Rebecca Armstrong
Supporters in favour of same-sex marriage pose for a photograph as thousands gather in Dublin Castle  

The lessons we can learn from Ireland's gay marriage referendum

Stefano Hatfield
Abuse - and the hell that came afterwards

Abuse - and the hell that follows

James Rhodes on the extraordinary legal battle to publish his memoir
Why we need a 'tranquility map' of England, according to campaigners

It's oh so quiet!

The case for a 'tranquility map' of England
'Timeless fashion': It may be a paradox, but the industry loves it

'Timeless fashion'

It may be a paradox, but the industry loves it
If the West needs a bridge to the 'moderates' inside Isis, maybe we could have done with Osama bin Laden staying alive after all

Could have done with Osama bin Laden staying alive?

Robert Fisk on the Fountainheads of World Evil in 2011 - and 2015
New exhibition celebrates the evolution of swimwear

Evolution of swimwear

From bathing dresses in the twenties to modern bikinis
Sun, sex and an anthropological study: One British academic's summer of hell in Magaluf

Sun, sex and an anthropological study

One academic’s summer of hell in Magaluf
From Shakespeare to Rising Damp... to Vicious

Frances de la Tour's 50-year triumph

'Rising Damp' brought De la Tour such recognition that she could be forgiven if she'd never been able to move on. But at 70, she continues to flourish - and to beguile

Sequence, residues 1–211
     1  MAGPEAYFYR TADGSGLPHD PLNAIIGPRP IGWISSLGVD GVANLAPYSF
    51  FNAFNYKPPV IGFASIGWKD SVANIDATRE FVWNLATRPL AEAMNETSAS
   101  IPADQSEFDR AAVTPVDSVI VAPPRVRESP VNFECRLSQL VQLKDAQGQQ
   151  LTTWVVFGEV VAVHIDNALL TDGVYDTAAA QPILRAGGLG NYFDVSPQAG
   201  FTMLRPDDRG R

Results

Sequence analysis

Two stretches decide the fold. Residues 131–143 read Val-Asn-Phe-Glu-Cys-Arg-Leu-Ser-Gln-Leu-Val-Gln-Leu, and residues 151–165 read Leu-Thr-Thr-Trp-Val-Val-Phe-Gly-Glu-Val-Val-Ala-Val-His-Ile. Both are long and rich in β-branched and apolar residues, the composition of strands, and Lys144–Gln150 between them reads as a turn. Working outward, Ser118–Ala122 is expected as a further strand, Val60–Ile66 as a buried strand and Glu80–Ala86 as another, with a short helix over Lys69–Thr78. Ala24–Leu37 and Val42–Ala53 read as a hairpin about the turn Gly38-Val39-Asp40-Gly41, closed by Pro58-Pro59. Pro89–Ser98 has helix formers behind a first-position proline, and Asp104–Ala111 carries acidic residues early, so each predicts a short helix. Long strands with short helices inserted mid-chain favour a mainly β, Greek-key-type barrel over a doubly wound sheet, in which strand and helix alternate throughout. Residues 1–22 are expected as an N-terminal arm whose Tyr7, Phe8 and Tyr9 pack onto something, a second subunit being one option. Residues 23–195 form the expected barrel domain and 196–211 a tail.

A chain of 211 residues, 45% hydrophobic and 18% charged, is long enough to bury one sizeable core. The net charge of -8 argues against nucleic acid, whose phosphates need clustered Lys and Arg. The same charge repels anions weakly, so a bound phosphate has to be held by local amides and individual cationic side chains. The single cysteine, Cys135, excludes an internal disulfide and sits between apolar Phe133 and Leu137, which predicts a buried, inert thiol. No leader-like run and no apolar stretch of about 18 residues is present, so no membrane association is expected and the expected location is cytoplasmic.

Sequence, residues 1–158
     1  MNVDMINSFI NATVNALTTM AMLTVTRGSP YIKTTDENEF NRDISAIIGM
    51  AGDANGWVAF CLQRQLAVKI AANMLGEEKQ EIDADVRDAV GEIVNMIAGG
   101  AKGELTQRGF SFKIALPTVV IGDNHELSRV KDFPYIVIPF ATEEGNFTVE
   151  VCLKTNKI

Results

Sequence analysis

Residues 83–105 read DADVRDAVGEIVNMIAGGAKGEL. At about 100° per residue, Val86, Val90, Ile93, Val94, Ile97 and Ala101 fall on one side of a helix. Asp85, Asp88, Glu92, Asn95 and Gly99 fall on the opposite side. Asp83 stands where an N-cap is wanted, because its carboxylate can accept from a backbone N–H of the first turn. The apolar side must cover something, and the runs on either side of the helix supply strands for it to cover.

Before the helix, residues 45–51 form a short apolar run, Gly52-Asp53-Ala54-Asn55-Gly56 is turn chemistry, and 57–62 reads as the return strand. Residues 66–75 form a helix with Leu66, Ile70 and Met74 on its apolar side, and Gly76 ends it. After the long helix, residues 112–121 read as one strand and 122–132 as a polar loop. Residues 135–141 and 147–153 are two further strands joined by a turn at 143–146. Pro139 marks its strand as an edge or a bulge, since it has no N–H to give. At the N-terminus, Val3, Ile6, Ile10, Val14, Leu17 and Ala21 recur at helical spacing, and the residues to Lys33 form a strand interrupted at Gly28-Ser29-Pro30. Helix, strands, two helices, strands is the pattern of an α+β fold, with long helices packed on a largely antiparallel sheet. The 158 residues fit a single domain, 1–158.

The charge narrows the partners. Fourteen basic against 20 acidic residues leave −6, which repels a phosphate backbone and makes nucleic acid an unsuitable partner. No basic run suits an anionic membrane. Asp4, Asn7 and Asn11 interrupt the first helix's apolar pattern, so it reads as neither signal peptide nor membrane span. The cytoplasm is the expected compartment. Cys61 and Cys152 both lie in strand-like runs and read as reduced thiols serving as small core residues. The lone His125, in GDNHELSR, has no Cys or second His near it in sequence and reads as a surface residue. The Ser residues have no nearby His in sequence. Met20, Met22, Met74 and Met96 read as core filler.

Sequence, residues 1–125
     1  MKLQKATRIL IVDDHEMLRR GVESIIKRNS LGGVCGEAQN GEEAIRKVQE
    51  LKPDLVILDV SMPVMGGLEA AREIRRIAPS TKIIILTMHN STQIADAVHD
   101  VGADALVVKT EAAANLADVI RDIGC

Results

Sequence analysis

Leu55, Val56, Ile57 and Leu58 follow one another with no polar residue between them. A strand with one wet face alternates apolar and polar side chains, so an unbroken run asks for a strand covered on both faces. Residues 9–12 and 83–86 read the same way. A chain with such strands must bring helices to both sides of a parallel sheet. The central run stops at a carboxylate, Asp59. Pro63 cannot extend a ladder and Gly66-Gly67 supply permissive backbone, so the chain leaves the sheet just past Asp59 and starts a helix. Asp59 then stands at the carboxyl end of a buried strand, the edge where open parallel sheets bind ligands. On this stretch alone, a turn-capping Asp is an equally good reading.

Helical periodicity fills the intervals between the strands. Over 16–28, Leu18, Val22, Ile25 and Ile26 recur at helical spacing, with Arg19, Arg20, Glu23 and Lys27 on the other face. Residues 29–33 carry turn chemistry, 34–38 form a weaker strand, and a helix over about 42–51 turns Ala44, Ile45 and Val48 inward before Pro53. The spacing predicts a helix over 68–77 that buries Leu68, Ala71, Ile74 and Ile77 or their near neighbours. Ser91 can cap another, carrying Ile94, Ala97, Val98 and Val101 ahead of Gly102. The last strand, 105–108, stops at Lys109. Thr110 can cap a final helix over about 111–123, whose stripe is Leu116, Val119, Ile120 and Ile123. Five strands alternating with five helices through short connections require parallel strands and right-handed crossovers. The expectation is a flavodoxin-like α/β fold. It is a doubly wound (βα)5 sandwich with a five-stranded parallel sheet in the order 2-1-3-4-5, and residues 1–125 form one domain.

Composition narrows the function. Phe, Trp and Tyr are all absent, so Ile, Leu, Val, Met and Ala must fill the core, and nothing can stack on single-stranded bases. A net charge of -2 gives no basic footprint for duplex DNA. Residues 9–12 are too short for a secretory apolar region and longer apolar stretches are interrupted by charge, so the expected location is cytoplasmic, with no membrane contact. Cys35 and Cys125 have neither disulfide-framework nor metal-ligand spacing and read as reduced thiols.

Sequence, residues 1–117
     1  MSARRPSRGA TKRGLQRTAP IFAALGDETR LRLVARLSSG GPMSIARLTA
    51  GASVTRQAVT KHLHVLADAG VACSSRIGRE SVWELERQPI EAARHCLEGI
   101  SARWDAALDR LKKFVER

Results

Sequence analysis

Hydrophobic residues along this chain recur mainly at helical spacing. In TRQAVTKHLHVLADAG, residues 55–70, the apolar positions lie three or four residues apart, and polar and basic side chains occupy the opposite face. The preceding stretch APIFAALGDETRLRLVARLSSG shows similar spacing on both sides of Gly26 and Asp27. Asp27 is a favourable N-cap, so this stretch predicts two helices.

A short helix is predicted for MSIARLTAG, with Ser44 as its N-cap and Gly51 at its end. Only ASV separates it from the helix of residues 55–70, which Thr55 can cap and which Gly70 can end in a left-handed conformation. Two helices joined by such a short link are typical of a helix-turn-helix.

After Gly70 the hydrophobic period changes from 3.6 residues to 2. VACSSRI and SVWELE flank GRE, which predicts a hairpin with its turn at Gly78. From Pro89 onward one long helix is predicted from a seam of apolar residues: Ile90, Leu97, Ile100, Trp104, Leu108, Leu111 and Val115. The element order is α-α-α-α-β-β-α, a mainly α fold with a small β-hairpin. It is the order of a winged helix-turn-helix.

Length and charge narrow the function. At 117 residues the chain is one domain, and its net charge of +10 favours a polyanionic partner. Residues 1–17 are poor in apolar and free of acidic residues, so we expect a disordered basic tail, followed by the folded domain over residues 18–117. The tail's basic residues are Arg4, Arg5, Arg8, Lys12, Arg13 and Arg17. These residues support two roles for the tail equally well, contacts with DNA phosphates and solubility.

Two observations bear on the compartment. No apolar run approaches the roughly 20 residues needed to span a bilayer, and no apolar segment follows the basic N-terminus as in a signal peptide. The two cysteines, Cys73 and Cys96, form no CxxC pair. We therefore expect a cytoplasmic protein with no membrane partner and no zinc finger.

'That Whitsun, I was late getting away...'

Ian McMillan on the Whitsun Weddings

This weekend is Whitsun, and while the festival may no longer resonate, Larkin's best-loved poem, lives on - along with the train journey at the heart of it
Kathryn Williams explores the works and influences of Sylvia Plath in a new light

Songs from the bell jar

Kathryn Williams explores the works and influences of Sylvia Plath
How one man's day in high heels showed him that Cannes must change its 'no flats' policy

One man's day in high heels

...showed him that Cannes must change its 'flats' policy
Is a quiet crusade to reform executive pay bearing fruit?

Is a quiet crusade to reform executive pay bearing fruit?

Dominic Rossi of Fidelity says his pressure on business to control rewards is working. But why aren’t other fund managers helping?
The King David Hotel gives precious work to Palestinians - unless peace talks are on

King David Hotel: Palestinians not included

The King David is special to Jerusalem. Nick Kochan checked in and discovered it has some special arrangements, too
More people moving from Australia to New Zealand than in the other direction for first time in 24 years

End of the Aussie brain drain

More people moving from Australia to New Zealand than in the other direction for first time in 24 years
Meditation is touted as a cure for mental instability but can it actually be bad for you?

Can meditation be bad for you?

Researching a mass murder, Dr Miguel Farias discovered that, far from bringing inner peace, meditation can leave devotees in pieces
Eurovision 2015: Australians will be cheering on their first-ever entrant this Saturday

Australia's first-ever Eurovision entrant

Australia, a nation of kitsch-worshippers, has always loved the Eurovision Song Contest. Maggie Alderson says it'll fit in fine